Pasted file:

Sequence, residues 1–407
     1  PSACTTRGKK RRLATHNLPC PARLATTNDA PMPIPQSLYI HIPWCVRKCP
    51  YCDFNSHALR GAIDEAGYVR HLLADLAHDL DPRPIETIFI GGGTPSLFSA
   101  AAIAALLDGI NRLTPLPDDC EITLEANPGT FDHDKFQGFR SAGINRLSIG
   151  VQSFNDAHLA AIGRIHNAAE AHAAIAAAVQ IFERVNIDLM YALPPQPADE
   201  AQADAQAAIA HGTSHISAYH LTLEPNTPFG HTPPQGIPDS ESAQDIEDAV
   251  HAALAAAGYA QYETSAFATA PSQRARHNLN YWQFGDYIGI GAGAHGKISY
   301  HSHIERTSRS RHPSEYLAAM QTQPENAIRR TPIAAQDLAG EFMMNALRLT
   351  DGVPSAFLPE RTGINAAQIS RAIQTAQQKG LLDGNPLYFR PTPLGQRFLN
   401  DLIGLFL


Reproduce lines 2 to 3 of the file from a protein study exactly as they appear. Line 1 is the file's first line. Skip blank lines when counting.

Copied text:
     1  PSACTTRGKK RRLATHNLPC PARLATTNDA PMPIPQSLYI HIPWCVRKCP
    51  YCDFNSHALR GAIDEAGYVR HLLADLAHDL DPRPIETIFI GGGTPSLFSA